Enjoying maple taffy on snow after lunch at the Sugar Shack
Enjoying maple taffy on snow after lunch at the Sugar Shack

Throughout the entire meal, La Famille Painchaud entertained with an impressive cover of Charlie Daniel’s The Devil Went Down to Georgia, a rendition of Somewhere Over The Rainbow played with a bow and saw (rather than a violin), and one member doing a handstand on a hoverboard while carrying the cello and playing Eminem’s Lose Yourself with his feet! 

I felt back in my French-provincial fairytale once again, watching members of La Famille Painchaud perform tricks you’d only imagine possible in cartoons and rooms emanating the same energy as the scene in the tavern from my favorite Disney princess movie. “No one’s slick as Gaston,” but I doubt the villain could play the cello with his big toe. 

Outside, after rolling a popsicle stick in hot maple taffy drizzled onto snow and popping it straight into my mouth, I threw axes over my head at wooden targets, used an old-fashioned lumberjack saw to saw myself an uneven coaster, all the while watching a few attendees who went snowshoeing carefully searching for snow that wasn’t so soft they’d sink in. When everyone had their chance to purchase a bottle of maple syrup to-go, from the village back to the castle we went.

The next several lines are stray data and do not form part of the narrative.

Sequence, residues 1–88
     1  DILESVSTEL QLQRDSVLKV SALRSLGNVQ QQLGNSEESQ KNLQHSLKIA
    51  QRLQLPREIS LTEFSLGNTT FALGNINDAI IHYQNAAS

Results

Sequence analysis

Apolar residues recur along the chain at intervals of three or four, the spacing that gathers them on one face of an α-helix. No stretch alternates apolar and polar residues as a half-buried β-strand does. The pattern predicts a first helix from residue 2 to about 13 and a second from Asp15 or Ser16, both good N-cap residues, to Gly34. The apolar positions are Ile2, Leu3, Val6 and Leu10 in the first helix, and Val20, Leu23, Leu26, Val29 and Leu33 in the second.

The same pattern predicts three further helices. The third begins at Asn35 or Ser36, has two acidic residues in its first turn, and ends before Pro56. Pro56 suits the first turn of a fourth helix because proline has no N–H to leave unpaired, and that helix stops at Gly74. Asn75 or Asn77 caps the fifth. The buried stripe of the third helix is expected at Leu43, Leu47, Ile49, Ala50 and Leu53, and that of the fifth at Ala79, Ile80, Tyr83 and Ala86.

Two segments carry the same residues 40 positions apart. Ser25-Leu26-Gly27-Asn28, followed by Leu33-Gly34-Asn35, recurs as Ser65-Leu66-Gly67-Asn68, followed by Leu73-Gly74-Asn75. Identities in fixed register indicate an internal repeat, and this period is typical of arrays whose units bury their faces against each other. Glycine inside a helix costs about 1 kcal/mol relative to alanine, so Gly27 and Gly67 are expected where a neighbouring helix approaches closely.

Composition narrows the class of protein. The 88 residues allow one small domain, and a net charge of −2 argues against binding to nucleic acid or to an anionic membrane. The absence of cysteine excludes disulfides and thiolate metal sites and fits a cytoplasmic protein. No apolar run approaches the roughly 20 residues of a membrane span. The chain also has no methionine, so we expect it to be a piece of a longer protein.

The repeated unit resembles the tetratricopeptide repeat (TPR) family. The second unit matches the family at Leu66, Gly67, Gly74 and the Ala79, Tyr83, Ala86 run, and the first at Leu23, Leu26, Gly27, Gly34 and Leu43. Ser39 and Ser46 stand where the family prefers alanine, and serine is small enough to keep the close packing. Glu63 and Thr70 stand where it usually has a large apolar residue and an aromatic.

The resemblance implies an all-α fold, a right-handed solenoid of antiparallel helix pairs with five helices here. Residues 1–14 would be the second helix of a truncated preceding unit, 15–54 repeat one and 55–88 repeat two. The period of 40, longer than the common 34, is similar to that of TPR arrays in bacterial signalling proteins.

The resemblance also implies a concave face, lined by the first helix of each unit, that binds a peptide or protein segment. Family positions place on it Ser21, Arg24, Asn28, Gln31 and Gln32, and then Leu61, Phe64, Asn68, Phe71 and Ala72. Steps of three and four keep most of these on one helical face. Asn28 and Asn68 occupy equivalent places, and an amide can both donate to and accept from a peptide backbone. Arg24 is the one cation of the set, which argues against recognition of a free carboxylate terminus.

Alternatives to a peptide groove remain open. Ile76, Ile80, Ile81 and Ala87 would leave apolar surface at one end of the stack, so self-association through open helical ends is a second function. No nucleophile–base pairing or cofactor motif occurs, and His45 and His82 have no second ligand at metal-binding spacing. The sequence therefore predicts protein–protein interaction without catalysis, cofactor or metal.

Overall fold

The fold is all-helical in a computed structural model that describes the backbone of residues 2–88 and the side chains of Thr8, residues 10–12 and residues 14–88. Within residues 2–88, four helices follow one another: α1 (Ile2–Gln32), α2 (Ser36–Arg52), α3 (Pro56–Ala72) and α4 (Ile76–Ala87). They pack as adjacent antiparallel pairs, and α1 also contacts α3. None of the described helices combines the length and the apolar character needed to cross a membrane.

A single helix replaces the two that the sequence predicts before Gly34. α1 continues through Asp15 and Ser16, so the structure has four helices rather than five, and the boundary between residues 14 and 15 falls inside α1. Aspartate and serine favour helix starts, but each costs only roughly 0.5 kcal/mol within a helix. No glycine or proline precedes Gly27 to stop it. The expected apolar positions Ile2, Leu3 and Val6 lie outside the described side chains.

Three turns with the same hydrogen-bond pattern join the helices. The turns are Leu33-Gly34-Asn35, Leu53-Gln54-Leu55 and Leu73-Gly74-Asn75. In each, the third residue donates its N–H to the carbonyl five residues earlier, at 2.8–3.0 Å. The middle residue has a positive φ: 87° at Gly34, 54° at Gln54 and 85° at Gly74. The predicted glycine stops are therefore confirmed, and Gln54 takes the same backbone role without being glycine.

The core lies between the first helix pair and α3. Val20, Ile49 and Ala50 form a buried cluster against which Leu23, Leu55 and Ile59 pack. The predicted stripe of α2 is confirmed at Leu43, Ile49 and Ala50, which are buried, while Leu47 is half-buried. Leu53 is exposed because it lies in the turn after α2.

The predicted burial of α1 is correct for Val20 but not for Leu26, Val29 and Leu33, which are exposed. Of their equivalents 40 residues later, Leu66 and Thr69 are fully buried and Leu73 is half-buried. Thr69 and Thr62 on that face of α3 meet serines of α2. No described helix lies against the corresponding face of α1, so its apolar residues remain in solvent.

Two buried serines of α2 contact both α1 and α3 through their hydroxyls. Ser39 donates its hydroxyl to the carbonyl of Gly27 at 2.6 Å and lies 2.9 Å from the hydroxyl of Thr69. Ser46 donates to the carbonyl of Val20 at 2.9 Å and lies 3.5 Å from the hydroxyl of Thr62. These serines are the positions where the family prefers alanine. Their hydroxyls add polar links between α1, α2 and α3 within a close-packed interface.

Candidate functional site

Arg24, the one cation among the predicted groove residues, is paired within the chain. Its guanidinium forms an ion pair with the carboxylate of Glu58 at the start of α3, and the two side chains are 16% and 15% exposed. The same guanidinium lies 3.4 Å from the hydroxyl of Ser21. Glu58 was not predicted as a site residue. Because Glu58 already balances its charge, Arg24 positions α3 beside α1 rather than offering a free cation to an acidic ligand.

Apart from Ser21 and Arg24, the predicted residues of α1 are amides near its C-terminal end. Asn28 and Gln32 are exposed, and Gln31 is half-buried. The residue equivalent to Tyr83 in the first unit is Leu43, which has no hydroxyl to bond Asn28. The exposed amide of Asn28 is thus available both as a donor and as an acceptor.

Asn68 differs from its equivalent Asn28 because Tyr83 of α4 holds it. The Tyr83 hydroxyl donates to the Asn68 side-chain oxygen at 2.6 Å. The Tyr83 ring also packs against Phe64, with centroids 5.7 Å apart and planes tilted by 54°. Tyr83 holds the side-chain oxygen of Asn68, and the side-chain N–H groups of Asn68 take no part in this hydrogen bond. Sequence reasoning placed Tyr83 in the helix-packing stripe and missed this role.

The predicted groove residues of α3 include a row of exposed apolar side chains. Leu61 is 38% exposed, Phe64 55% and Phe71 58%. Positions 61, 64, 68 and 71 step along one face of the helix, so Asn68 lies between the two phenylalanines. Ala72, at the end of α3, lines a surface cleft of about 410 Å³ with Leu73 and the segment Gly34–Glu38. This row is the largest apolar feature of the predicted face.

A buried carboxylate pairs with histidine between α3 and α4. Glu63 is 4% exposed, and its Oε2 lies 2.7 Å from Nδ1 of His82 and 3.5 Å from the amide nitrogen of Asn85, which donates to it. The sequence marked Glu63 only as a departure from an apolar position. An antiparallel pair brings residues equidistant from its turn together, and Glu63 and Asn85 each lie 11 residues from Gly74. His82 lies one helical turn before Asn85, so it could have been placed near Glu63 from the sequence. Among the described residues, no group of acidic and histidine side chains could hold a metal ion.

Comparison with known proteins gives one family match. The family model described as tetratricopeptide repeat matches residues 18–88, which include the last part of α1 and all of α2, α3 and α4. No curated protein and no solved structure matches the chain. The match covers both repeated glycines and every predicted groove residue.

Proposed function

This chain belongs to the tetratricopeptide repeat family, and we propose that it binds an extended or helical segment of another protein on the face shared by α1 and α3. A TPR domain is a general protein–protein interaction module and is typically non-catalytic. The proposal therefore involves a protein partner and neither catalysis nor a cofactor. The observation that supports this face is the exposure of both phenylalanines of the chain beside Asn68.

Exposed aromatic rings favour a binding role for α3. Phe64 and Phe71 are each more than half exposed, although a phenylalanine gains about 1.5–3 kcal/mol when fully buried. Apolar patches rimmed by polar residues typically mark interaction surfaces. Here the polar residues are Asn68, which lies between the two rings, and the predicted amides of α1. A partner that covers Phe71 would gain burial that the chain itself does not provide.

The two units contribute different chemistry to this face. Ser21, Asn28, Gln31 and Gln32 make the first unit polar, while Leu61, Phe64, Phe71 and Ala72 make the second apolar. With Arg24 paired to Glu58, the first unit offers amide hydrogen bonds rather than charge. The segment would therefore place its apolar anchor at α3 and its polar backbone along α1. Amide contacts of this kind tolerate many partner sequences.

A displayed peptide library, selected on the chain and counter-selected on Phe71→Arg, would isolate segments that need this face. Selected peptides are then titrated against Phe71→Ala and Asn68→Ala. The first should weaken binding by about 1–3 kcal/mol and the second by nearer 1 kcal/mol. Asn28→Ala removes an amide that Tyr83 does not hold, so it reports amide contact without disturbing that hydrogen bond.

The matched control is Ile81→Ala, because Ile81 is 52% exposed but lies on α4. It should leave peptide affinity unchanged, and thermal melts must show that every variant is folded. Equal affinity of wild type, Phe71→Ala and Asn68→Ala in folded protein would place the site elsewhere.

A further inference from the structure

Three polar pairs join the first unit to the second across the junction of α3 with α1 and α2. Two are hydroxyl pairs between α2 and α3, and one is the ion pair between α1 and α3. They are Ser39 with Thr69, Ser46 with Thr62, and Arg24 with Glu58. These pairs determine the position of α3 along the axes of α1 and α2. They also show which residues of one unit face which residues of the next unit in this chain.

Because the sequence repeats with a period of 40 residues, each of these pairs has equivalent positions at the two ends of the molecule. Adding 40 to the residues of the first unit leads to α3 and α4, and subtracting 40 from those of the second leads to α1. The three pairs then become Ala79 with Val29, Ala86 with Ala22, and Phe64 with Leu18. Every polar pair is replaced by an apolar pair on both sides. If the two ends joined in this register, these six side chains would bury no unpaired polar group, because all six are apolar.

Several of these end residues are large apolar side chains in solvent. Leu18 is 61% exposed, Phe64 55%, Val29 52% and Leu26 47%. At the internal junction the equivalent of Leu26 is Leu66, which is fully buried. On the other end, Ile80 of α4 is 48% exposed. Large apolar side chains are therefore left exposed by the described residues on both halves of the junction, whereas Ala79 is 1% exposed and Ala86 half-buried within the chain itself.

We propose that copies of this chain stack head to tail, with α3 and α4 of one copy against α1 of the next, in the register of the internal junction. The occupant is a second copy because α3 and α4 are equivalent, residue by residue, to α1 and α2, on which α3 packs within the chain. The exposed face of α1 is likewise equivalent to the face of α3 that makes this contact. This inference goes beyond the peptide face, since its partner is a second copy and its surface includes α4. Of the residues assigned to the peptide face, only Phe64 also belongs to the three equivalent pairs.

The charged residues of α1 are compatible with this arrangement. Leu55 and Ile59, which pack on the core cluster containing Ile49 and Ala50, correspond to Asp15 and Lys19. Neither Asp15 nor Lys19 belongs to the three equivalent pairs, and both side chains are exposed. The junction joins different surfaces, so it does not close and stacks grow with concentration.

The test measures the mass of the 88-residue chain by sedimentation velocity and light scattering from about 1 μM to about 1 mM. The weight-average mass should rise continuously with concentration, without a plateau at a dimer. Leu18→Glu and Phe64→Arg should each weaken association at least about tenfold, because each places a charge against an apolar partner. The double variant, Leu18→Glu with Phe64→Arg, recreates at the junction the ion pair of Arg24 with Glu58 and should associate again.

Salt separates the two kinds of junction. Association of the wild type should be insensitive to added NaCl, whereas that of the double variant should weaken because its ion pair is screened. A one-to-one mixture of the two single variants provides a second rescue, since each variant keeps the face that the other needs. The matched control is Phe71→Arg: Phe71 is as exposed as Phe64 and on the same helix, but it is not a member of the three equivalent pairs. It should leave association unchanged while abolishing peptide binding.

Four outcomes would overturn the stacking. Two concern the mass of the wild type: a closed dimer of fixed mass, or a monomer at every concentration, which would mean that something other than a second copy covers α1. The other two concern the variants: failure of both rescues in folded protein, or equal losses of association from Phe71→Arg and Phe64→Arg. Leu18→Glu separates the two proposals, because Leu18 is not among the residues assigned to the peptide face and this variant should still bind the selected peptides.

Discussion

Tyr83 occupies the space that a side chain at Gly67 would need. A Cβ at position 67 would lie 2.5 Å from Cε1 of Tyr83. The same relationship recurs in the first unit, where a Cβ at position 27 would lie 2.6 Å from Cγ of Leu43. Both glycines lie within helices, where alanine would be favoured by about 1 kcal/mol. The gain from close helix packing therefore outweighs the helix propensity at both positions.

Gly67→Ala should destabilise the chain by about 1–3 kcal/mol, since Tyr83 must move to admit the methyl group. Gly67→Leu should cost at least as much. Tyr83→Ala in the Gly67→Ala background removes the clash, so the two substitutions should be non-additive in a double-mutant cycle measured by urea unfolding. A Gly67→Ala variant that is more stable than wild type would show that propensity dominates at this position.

Fireside Chat With Bastien Industries and Dinner at Le Parlementaire

All the way down the main hallway off the Fairmont’s lobby is an elegant entryway leading to Sam Bistro on the right, with poutine the entire table is bound to pick at, and Champlain Restaurant to the left, featuring cutting-edge regional cuisine. The restaurant’s wine fridge in the center of the room features ladders that glide across the floor like the ones in the Beast’s castle library.

Our fireside chat with Bastien Industries—a Quebec-based company that produces 100% authentic Canadian Huron-Wendat moccasins and handicrafts using traditional Indigenous techniques and craftsmanship, took place in Champlain Restaurant. The classic and popular restaurant can be transformed into an intimate and elegant private event space and features floor-to-ceiling windows overlooking the St. Lawrence River finished with artistic touches.  

Together, Jennifer Attersall, director, incentive travel at Destination Canada, and Jason Picard-Binet, CEO and owner of Bastien Industries and part of the Huron-Wendat Nation, discussed cultural sustainability, the incentive industry and the history of the Huron-Wendat Nation in the space during our fireside chat. 

Prefunction cocktail reception at Le Parlementaire
Prefunction cocktail reception at Le Parlementaire. Credit: Destination Canada

After the conversation and on our way to the Parliament Building of Quebec (Hotel du Parlement du Quebec), I heard attendees discussing their appreciation of Destination Canada for including time dedicated to cultural sustainability on the agenda. Not only did we learn more about the destination through our conversation, but we left knowing we learned something meaningful and can help preserve Quebec’s culture.